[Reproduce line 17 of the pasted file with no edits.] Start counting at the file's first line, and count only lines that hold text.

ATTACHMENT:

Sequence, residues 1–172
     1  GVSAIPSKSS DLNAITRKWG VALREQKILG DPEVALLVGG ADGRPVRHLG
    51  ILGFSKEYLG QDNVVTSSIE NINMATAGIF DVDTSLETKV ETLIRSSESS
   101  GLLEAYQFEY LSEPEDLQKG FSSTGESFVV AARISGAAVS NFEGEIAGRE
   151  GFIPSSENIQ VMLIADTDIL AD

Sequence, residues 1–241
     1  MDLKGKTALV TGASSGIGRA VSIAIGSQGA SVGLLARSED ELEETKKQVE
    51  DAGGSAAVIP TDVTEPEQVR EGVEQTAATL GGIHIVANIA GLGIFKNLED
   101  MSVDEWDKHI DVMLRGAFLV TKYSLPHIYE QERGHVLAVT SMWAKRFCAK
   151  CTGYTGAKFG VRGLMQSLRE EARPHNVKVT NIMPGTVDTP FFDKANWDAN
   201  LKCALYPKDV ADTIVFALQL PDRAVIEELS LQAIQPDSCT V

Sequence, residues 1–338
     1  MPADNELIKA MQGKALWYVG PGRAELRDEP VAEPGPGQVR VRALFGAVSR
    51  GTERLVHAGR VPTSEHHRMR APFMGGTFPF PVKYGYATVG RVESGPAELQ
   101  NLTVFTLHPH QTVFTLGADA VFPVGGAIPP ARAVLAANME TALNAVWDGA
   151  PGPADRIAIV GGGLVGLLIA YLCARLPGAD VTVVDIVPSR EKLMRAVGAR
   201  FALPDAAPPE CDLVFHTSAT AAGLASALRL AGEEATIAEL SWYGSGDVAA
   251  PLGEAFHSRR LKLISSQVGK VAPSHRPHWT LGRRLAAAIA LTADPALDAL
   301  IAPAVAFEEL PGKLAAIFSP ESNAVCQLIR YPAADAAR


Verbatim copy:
   201  FALPDAAPPE CDLVFHTSAT AAGLASALRL AGEEATIAEL SWYGSGDVAA